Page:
Lisa Hamling: Treehouse Autism Family Support Group

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Lisa Hamling: Treehouse Autism Family Support Group

Busy Lisa always has time to take a call from anxious parents

The $10,000 Westfield Local Heroes grant has allowed Treehouse to plan and fund tailored outings for each of the support groups. Individuals and families living with autism often feel isolated, these social outings allow them to connect and share their experiences.

The young adult support group recently enjoyed dinner in St Kilda and a trip to Luna Park. An opportunity the group of 16 young adults aged 18-30 wouldn't otherwise have. Further outings are planned for the coming months, including a night away for families with young children and a night out for parents and carers.

Lisa Hamling is a busy mother but she spends about four hours on the phone every evening.

As the volunteer director of an autism support group, she is often the first person anxious parents turn to after their child is diagnosed.

“A lot of people don’t realise the impact an autism diagnosis has on families,” says Lisa, who also works full-time at a disability service.

Treehouse Autism Family Support Group provides a social network for the families of children and young adults with autism spectrum disorder. There are different groups for different age ranges and interests.

Shared experiences such as movie nights, Lego, coffee mornings for mums and a pot and parmi night for the dads helps to reduce isolation and loneliness.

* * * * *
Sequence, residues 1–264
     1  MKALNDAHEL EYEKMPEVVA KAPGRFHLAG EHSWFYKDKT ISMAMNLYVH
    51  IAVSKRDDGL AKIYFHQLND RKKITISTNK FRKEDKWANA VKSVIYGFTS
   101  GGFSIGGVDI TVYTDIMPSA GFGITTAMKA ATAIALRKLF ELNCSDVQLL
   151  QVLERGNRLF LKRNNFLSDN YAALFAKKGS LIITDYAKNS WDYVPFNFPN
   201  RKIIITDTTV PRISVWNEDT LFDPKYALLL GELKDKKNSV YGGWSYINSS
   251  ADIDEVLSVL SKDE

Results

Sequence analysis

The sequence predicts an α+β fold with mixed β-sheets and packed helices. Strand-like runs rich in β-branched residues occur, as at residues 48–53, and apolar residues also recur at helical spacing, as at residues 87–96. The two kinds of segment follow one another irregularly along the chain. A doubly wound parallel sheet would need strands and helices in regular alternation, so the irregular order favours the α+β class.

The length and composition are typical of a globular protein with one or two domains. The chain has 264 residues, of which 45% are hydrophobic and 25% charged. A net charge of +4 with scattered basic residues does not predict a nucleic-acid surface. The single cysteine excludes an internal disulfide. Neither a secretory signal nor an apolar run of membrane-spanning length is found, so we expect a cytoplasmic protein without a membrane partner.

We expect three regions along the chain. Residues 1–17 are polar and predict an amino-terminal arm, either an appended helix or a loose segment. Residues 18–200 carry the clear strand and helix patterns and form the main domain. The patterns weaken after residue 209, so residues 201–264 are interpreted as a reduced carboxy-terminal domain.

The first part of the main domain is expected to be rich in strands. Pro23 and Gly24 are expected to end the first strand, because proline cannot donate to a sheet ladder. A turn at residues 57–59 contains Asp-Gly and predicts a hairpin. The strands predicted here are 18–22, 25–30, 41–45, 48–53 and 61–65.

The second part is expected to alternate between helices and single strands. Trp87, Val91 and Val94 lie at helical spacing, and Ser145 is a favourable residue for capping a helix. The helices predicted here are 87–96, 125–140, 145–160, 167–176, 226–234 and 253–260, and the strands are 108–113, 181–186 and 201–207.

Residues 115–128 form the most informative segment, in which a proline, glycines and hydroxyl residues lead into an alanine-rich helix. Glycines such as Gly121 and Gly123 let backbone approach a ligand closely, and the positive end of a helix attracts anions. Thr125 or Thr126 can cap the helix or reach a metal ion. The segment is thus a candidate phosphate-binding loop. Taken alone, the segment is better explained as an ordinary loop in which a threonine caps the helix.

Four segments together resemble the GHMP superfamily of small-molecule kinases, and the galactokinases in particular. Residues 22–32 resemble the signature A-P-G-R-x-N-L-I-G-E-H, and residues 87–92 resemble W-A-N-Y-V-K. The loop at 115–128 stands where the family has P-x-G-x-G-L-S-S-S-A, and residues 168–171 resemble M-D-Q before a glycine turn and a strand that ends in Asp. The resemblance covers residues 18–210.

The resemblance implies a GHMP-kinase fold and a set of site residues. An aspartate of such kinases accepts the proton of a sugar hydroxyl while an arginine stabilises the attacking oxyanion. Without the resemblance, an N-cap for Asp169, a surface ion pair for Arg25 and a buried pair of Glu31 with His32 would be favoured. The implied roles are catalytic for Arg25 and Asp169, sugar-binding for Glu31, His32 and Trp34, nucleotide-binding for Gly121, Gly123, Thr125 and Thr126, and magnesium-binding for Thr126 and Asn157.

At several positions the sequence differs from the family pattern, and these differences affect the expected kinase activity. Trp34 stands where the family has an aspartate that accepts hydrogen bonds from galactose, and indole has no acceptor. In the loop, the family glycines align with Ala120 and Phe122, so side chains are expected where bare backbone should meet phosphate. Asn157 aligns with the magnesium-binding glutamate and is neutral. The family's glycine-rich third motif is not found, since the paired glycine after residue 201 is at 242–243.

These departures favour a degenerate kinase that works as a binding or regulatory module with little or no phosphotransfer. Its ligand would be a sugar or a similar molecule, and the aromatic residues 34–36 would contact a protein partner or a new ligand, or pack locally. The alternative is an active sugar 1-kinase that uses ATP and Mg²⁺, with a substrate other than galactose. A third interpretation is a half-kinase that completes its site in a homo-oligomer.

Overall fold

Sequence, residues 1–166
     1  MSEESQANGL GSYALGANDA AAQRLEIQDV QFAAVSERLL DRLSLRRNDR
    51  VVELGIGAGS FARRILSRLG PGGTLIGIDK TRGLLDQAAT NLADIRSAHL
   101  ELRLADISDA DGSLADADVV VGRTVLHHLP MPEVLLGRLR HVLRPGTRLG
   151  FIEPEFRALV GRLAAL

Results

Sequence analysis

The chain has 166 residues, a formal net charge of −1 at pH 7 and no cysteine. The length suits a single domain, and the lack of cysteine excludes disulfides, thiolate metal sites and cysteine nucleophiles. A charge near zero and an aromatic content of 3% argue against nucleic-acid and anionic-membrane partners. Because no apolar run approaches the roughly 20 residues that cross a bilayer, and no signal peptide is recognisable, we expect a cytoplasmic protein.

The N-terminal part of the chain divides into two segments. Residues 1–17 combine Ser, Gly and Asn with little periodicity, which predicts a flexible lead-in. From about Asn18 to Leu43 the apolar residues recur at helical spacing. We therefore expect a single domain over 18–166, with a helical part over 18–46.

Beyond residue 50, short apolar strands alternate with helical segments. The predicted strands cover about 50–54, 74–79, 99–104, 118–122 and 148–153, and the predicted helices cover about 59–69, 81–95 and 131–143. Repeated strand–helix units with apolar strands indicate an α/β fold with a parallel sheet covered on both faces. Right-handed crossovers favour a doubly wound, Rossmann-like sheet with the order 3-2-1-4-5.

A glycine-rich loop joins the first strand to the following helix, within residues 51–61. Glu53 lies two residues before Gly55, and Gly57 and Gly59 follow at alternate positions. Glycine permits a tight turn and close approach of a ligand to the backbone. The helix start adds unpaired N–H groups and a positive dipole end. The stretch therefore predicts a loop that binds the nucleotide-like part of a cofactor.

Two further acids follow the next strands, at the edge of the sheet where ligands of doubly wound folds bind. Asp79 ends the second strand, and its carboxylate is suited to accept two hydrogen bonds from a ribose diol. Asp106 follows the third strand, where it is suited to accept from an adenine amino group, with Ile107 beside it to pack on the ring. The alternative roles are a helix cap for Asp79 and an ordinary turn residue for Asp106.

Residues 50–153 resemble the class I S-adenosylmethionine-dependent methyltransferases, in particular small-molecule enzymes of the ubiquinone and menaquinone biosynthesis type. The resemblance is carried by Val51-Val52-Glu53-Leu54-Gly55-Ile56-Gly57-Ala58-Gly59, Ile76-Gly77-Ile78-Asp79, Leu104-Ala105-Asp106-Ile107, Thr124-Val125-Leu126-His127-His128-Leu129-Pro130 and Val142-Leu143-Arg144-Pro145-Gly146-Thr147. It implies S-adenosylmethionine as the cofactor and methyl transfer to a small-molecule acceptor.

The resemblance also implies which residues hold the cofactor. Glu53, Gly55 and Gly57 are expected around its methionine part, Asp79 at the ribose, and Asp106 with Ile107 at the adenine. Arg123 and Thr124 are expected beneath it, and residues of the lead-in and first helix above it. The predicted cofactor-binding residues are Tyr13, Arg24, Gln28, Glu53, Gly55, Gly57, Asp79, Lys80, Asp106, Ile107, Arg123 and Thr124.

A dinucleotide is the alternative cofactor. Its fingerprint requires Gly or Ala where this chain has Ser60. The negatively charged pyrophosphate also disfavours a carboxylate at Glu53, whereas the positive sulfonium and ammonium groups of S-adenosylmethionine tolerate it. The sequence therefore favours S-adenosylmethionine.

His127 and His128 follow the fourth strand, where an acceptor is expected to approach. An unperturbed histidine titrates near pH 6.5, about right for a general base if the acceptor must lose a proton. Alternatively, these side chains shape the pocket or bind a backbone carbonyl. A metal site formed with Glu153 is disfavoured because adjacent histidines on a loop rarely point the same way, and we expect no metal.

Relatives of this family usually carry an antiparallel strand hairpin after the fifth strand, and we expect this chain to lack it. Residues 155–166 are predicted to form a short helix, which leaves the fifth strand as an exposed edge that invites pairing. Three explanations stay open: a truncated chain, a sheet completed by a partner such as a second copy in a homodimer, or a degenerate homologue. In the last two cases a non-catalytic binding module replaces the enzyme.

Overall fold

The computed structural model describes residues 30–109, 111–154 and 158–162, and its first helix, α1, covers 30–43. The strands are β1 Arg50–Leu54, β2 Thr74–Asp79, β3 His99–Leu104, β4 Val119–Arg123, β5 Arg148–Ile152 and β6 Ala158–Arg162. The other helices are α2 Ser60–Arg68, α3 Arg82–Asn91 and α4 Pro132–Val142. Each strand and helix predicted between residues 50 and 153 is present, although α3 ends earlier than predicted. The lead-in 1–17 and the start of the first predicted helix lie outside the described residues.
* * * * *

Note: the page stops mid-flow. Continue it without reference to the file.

“There’s no judgment — if your child has a meltdown no-one is worried,” says Lisa.

“Others might even hop over and help.”

Lisa started at Treehouse as a volunteer and became the director in 2015 when the founders decided it was time to bow out.

At the same time, the group lost its regular meeting place, so Lisa got on the phone and after many rejections found a home at Access Your Supports, which is now also her employer.

Lisa is known for her compassion and dedication and receives up to four calls a night from parents seeking advice, many referred by local psychologists.

“I tell families it’s not a sprint, it’s a marathon so you need to pace yourself a bit.”

A highlight for Lisa was presenting a submission to a parliamentary inquiry into autism services.

“It was fantastic when just about every recommendation was approved.”

Lisa feels honoured to be voted a Westfield Local Hero.

For further information on the Westfield Local Heroes program, click here.

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